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Summer Seafood & Vegetable Salad Tower

Summer seafood vegetable salad tower on plate
Summer Seafood & Vegetable Salad Tower

The following recipe and photography were created in collaboration with Lauren Schulte. To see more of her bites and meals, visit her Instagram @TheBiteSizePantry

This salad will tower over the rest. Summer basically knocking on our front door and I promise, nothing is better than this light, fresh and colorful salad. With layers and layers of fresh seafood and greens, plus a little bit of cheese, you’ll want to demolish these salad towers.

Summer Seafood & Vegetable Salad Tower

All you’ll need is a short, cylindrical cup or mug and a little bit of cooking spray to build your salad tower. Spray the inside of the cup with the cooking spray before adding the layers of ingredients. This prevents the salad from sticking to the inside of the glass when you turn it upside-down onto a plate or serving dish. Then, add all of the layers into the cup, making sure to press down each layer with a spoon so that every layer holds together.

Take a plate or serving platter and place it over top of the cup (make sure the serving side of the plate is up against the rim of the cup) and then flip it over with the cup pressed firmly against the plate. Give the cup a few taps around the edges and on the bottom (which is now the top) and shake it loose. All the layers should slip out from your cup and you have yourself a salad tower that even the world’s leading architects would admire.

Summer Seafood & Vegetable Salad Tower Demolished

Summer Seafood & Vegetable Salad Tower

Serves 2 

Ingredients

  • 6 oz. Verlasso salmon or cooked shrimp, raw
  • 1 Tbsp. olive oil
  • 1 ripe avocado, diced
  • 1/2 a seedless cucumber, diced
  • 1/2 cup baby tomatoes, diced (You can use canned or whole tomatoes if you have those on hand.)
  • 1/3 cup mozzarella balls or medallions, diced (Shredded cheese will not give the salad enough height or a cohesive look.)
  • 2 Tbsp.  fresh chives, diced

Instructions

  1. Spray the inside of a cup or mug with cooking spray.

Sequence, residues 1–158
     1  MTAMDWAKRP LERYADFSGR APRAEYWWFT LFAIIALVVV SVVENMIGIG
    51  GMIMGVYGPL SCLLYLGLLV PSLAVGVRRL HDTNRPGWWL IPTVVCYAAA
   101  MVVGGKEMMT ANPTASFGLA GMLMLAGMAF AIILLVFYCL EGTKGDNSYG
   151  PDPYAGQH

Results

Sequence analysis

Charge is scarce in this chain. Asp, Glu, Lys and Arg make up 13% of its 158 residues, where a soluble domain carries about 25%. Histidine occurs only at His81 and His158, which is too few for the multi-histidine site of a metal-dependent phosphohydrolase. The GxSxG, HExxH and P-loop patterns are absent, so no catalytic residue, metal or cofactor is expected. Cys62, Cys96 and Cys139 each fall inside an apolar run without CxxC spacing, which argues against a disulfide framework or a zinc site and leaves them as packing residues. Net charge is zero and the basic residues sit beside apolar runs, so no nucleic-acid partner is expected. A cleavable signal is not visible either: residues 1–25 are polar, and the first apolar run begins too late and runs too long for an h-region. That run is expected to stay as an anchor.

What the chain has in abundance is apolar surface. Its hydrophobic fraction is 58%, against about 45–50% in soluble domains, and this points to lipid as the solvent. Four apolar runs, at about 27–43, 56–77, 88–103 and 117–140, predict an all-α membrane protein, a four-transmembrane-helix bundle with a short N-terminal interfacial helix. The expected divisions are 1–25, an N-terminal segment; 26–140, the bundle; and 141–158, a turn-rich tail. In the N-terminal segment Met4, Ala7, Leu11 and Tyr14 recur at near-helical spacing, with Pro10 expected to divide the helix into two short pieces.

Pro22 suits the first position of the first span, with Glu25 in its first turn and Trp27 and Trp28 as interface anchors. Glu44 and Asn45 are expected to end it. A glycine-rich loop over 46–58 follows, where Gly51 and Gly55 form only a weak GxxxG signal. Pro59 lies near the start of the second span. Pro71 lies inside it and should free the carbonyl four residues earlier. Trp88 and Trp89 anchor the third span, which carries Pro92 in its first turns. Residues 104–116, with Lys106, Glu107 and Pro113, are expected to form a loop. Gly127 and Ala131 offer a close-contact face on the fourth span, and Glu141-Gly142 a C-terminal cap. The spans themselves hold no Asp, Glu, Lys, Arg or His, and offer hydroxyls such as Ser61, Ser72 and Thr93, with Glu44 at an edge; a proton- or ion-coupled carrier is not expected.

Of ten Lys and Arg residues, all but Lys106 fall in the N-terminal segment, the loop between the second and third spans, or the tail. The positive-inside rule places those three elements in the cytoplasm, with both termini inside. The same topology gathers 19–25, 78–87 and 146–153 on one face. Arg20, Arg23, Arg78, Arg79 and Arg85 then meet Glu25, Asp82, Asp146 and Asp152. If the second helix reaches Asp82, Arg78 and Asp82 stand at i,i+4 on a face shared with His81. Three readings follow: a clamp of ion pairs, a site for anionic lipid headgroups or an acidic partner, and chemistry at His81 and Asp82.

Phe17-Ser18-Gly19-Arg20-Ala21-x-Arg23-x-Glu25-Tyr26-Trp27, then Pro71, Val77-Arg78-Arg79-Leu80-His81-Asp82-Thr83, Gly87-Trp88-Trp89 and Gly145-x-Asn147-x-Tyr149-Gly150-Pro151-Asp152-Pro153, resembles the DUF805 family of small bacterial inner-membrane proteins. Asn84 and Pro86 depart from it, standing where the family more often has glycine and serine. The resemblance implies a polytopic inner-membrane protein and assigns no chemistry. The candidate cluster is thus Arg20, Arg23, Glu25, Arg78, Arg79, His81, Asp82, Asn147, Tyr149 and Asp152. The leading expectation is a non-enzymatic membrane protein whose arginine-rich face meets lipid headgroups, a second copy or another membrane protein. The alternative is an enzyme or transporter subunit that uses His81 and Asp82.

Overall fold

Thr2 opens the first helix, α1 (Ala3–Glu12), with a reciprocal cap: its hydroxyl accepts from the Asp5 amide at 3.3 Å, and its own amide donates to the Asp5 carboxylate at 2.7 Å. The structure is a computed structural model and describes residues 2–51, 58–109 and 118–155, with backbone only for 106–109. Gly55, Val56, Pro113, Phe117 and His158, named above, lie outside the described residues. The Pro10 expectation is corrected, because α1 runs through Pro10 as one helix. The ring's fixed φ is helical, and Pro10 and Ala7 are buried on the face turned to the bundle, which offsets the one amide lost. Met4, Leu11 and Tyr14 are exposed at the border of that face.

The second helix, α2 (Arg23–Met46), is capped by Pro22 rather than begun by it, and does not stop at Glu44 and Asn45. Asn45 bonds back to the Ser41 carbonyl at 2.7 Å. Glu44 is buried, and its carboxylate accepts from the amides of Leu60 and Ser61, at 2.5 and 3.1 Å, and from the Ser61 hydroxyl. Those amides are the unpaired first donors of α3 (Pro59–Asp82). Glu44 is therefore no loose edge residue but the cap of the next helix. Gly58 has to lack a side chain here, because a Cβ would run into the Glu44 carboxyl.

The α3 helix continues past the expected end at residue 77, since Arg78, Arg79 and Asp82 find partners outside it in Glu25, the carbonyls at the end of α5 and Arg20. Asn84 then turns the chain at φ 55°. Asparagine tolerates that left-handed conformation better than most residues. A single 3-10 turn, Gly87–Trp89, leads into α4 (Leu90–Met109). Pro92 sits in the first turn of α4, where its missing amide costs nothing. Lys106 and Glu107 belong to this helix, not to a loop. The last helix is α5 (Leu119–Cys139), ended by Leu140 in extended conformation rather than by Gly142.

2. If you want to add the salmon (or shrimp) to your salad tower, remove the salmon skin and place the fish in a food processor. Give it a couple of pulses until it forms a chunky puree. Add the olive oil and chives to the food processor and pulse it together.
  3. Since the bottom of the cup will be the top of the salad tower once you flip it over, place the layer of salad that you want at the top in the bottom of the cup. I like to put the mozzarella cheese at the bottom first before I add the rest of the layers, but you can start with whatever you want.
    Flatten each layer of the salad tower with a spoon as you add them to the cup.
  4. Once you have added each layer and your cup is full, take a serving plate and place the top of the plate face down on the rim of your glass. Pressing the glass firmly against the top of the plate, flip it over so that the cup in upside down on top of the plate.
  5. Tap the top and the edges of your cup to loosen the layers and then slowly and carefully lift your cup off of the plate. The salad should slide right out while still retaining its tower-like shape.
  6. This makes for a beautiful and unique presentation. For even more fun, you can take your utensil of choice and smash that tower down to the ground and dig in.

Note: If you don’t want to add the salmon or shrimp to your salad that is perfectly fine. You can simply make this salad with the avocado, tomato and mozzarella. If going “fish free,” you might also want to add a drizzle of Heinen’s Balsamic Glaze to your salad for some extra flavor flare.

Summer Seafood & Vegetable Salad Tower

Click Here to Print the Recipe for Summer Seafood & Vegetable Salad Tower.

Heinen's logo in black
By Heinen's Grocery Store
In 1929, Joe Heinen opened the doors of a small butcher shop on the east side of Cleveland, Ohio, aiming to establish himself as the city’s purveyor of quality meats. As customers came into Heinen’s new shop for their meat purchases, they began asking him to carry groceries as well. Joe added homemade peanut butter, pickles and donuts and by 1933, business had grown enough to include a line of produce and canned goods. Heinen’s Grocery Store was born.

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